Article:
My Odeo Channel (Code: 11a1db75c4117aa5)

Supporting Family

2012-12-05 by

Today TaxMama® hears from Sue in the Tax Quips Forum with this issue. “My parents are both unemployed and lived with me all year. My dad did receive unemployment, but it was about $3,300 for the entire year – my mom did not receive any unemployment. My younger sisters also lived with me – they are 13 and 17. I provided their support – I paid the mortgage (I own the home), paid for food, bills etc. Would I be able to claim my parents and my sisters on my 2012 tax return?”

Dear Sue,


You get an answer from Susan Holtgrefe, EA in PA at http://erietaxprep.com/ . She says:


Dependents come in two flavors, qualifying child and qualifying relative. Looks like you have two of each.
You may not be as familiar with the rules for qualifying relatives, there are four basic tests that must be meet;



1. They can’t be a qualifying child. You didn’t mention if your parents are permanently and totally disabled so we can safely assume they are too old to be a ‘child’.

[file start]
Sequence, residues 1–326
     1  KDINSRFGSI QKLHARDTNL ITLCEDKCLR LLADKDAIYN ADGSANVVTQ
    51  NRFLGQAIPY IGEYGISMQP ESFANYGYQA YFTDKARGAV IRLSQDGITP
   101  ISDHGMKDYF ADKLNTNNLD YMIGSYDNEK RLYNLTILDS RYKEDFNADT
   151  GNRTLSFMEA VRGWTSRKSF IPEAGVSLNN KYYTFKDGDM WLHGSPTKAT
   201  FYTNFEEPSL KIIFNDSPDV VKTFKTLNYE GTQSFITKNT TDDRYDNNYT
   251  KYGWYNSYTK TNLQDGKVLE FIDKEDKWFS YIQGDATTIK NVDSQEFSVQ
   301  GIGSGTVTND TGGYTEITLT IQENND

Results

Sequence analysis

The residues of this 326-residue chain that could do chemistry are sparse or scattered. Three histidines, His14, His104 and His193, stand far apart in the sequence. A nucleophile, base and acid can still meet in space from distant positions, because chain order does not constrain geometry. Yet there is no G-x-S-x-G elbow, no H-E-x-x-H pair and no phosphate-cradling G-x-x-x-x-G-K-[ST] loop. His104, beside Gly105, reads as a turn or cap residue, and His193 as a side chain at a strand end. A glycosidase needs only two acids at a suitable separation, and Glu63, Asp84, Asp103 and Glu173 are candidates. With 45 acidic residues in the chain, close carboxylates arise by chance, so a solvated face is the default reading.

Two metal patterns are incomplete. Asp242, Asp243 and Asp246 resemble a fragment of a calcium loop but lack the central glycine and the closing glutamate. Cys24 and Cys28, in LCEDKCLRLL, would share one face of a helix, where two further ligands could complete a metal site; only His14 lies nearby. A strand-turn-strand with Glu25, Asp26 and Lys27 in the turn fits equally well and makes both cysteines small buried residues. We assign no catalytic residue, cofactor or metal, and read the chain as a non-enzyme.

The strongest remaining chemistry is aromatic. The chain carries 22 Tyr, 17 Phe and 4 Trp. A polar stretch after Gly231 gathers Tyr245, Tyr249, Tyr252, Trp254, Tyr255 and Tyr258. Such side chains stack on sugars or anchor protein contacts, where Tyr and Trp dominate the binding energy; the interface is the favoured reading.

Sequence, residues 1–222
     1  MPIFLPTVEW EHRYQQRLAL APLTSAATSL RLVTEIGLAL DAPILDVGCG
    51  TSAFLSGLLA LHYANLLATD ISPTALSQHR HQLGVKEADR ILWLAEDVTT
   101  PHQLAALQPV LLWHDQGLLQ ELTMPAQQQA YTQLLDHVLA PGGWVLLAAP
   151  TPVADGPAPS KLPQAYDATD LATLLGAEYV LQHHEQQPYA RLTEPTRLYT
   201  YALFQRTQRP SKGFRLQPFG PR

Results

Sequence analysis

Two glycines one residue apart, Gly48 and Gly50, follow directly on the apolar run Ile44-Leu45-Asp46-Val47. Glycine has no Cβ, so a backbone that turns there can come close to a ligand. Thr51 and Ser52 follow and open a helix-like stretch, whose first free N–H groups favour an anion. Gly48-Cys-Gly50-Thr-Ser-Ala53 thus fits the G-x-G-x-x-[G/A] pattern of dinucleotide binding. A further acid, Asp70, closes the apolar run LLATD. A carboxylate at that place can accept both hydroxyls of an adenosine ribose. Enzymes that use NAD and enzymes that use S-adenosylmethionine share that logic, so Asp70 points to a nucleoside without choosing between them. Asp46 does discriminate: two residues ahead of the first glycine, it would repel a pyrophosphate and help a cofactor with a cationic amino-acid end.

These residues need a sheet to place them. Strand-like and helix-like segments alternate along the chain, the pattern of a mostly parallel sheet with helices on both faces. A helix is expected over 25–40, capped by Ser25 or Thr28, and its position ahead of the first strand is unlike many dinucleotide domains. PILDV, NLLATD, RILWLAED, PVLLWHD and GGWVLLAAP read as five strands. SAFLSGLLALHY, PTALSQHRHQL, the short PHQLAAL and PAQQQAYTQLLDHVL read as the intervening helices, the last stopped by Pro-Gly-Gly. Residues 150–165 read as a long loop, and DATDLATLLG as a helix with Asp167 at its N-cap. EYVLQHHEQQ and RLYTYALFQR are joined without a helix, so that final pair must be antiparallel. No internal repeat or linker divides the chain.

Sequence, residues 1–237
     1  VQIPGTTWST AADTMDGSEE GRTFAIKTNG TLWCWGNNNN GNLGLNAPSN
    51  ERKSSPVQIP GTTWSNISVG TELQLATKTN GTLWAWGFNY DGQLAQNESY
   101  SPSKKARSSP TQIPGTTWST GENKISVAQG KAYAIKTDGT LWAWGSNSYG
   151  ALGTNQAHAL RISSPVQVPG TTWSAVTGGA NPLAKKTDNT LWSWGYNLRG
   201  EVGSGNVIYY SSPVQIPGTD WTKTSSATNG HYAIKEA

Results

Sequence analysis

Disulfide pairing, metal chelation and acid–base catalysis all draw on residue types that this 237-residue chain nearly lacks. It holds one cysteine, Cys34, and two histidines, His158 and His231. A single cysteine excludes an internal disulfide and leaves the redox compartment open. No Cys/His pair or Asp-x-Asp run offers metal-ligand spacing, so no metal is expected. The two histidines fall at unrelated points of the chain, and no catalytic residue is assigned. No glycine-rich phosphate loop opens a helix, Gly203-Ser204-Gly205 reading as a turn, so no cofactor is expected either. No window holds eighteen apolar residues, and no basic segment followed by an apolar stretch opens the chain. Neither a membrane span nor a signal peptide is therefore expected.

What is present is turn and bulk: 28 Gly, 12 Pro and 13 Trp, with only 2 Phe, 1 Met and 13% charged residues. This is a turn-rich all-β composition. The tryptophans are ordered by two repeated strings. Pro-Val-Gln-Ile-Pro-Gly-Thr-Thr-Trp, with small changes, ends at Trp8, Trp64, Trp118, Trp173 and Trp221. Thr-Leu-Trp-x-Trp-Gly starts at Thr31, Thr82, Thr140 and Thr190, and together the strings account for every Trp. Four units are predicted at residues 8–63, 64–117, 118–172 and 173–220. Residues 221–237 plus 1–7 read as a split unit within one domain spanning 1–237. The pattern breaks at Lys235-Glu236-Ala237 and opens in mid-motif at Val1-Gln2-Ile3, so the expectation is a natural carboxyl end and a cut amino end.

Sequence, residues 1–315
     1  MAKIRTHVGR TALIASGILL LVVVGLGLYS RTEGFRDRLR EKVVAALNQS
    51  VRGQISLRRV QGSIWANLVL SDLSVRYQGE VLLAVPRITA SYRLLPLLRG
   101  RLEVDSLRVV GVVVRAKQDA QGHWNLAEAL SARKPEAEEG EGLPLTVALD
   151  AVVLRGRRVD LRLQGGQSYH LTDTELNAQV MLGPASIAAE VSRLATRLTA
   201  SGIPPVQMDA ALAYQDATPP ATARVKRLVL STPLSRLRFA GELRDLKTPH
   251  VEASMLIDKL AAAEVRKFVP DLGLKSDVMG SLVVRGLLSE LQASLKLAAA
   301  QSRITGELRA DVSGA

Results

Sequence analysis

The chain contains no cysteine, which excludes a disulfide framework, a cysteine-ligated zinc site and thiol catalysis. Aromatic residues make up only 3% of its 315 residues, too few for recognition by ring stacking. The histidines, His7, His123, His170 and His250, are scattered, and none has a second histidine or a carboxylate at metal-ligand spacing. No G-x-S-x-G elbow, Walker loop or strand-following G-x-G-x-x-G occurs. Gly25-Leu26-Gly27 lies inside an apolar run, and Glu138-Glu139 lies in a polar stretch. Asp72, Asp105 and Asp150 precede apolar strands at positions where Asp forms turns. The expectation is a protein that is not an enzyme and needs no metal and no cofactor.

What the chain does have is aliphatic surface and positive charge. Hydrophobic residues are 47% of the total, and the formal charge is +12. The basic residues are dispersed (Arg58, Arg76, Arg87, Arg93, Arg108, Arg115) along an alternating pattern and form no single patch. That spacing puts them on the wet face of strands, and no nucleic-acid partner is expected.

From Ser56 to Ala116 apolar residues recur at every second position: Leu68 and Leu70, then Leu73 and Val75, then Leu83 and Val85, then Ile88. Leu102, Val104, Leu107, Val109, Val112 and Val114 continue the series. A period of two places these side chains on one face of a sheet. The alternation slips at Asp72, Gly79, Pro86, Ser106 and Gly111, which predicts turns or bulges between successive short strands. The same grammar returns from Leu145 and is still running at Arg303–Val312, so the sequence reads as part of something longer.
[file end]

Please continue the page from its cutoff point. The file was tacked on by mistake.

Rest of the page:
2. Member of household or relationship test. This is met by someone if they either live with you all year (even if not related to you) or by being one of the listed relatives who don’t have to live with you, such as parents. This means that if you decide to provide your parents with their own apartment they might still be your dependents.



3. Gross income test. Your parents cannot have received more than $3700 each. This includes just about anything that isn’t exempted from tax such as unemployment. So if your Dad had received $400 more in income then he would not pass this test. (You could still possibly claim your Mom)



4. Support test. Last you have to provide more than 1/2 of their support. Do count food, part of the house and utilities, medical, transportation, recreation, etc.



Also, be mindful that the various tax credits have important differences about who qualifies for the credit. Don’t assume that just because your sisters are your dependents that they automatically qualify for anything else. The fun is in the details.


TaxMama adds that there is a “support worksheet” in IRS Publication 17 that you may want to fill out for your own tax files for 2012. Fill one out for each dependent and just put it in your own files. Don’t send it with the tax return.   Incidentally, you can also claim a head of household filing status.


And remember, you can find answers to all kinds of questions about dependents and other tax and business issues, free. Where? Where else? At www.TaxMama.com.


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